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An experience we will never forget
March 24, 2012

Bayon


The Bayon is a well-known and richly decorated Khmer temple at Angkor archaeological site in Siem Reap, Cambodia. Built in the late 12th century or early 13th century as the official state temple of the Mahayana Buddhist King Jayavarman VII, the Bayon stands at the centre of Jayavarman's capital, Angkor Thom. Following Jayavarman's death, it was modified and augmented by later Hindu and Theravada Buddhist kings in accordance with their religious preferences.


If your time does not allow you to visit the whole complex of Angkor temples, Angkor Wat and Bayon should be featured on top of your list. The imposing and mystical stone faces of Bayon are considered the finest example of classic Khmer architecture and art. The temple is also known for two impressive sets of bas-reliefs on exterior walls, which present an unusual combination of mythological, historical, and mundane scenes. Bayon temple is described as "the most striking expression of the baroque style" of Khmer architecture, as contrasted with the classical style of Angkor Wat.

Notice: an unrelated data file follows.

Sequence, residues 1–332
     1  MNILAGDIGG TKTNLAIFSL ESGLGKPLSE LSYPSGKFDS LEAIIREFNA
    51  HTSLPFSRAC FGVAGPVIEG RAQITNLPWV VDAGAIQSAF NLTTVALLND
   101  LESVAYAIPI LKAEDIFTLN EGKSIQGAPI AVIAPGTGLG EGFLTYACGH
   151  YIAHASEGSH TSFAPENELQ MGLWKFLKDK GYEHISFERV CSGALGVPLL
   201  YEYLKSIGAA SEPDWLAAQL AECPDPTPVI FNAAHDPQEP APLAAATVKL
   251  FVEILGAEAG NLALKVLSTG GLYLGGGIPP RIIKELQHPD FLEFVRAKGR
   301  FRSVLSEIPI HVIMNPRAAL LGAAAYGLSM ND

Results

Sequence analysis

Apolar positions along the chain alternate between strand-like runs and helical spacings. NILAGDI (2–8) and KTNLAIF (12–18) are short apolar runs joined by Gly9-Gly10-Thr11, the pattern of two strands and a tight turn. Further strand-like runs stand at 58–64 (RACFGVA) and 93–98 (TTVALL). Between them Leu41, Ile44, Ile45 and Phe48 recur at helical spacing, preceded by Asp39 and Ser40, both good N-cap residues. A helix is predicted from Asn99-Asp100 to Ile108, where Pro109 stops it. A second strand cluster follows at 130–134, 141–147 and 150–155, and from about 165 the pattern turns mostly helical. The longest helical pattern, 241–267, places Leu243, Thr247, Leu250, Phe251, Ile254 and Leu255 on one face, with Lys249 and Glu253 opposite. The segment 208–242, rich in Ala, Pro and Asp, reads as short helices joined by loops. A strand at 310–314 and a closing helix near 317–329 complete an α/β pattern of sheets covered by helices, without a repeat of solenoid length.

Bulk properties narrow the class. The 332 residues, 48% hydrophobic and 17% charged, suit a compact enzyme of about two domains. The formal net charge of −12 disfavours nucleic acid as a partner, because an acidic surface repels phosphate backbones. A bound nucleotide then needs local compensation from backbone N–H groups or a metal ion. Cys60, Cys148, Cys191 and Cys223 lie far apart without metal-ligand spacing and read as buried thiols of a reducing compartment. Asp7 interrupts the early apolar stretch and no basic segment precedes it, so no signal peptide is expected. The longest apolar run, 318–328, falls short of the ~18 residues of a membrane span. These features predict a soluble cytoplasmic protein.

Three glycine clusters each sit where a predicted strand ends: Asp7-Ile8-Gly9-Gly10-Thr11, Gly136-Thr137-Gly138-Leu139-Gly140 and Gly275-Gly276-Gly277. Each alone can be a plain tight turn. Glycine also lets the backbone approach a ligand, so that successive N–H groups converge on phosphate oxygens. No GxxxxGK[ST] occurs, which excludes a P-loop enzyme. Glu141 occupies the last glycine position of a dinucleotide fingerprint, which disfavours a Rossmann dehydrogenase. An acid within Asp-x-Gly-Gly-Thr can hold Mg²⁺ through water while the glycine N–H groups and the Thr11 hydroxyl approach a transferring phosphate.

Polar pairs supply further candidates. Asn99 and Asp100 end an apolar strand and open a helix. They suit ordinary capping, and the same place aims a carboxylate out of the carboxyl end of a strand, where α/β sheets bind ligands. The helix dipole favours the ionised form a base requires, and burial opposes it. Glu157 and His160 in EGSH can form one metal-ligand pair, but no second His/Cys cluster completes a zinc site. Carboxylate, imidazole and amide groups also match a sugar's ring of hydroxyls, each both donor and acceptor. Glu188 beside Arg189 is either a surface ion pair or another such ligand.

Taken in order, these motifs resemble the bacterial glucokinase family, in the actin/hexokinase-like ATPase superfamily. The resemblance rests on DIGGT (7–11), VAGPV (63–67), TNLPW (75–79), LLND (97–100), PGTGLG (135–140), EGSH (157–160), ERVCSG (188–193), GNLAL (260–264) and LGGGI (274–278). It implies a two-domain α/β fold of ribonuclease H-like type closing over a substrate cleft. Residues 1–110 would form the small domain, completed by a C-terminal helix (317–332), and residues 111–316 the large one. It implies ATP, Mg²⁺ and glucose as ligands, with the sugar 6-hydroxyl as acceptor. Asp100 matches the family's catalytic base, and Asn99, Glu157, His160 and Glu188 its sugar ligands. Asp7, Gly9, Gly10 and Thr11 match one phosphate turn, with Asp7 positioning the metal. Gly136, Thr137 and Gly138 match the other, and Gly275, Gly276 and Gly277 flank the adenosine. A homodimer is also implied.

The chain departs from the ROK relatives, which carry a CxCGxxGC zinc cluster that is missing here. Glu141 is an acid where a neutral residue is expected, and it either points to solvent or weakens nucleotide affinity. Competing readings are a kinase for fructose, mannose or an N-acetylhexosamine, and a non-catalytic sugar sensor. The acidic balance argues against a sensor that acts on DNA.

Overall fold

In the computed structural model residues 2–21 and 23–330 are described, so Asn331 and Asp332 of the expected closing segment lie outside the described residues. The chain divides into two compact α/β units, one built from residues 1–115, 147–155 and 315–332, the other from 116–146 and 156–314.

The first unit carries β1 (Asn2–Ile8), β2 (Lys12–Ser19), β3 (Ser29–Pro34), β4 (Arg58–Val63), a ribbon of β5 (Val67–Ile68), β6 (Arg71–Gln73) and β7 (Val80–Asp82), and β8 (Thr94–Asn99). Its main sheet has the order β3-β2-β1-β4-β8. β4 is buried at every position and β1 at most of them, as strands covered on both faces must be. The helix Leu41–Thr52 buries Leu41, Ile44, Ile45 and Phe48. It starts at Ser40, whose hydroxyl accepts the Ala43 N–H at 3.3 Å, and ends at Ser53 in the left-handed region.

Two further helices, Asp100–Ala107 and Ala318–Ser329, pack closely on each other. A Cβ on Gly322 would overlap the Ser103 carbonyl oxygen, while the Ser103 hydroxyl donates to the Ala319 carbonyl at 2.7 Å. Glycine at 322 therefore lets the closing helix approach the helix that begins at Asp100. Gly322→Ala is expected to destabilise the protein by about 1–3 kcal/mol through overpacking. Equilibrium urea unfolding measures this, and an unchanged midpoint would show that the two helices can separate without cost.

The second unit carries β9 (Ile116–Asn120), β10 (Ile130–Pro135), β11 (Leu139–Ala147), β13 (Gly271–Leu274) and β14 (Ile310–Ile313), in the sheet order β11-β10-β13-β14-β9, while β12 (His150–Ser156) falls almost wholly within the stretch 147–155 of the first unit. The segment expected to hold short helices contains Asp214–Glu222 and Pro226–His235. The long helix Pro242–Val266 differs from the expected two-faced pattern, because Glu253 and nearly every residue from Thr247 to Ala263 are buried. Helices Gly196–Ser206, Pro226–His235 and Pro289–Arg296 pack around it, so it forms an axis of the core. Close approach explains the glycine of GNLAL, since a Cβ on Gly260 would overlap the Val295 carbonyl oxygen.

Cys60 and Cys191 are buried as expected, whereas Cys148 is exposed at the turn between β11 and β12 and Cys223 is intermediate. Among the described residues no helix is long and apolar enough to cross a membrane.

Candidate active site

The Bayon reveals its best in the time of sunrise and sunset. A moonlit night is also special moment (albeit not highly recommended) to visit the monument “when the lines and shadows become softened and the stone and its verdant background composed in a perfect unity of hue and tone - when the faces, mellow and subdued, take on an emotive expression from which radiates a sort of lyrical charm - where each becomes exaggerated in over-scale, doubled in profile and infinitely multiplied. You may soak in the serenity of this Buddhist tranquility, embryonic amongst the phantoms”.

(Part of this article is from The Angkor Guide)
 

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